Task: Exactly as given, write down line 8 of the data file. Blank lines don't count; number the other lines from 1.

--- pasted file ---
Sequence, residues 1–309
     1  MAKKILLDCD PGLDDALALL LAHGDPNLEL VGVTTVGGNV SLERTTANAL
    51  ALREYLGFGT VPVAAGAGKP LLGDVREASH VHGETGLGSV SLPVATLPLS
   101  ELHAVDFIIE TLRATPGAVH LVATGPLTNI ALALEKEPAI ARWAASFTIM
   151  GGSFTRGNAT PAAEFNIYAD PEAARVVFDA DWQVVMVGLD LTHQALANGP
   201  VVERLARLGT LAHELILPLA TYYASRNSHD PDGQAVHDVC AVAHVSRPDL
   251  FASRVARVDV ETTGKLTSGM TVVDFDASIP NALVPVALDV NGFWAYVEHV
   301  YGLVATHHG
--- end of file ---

   301  YGLVATHHG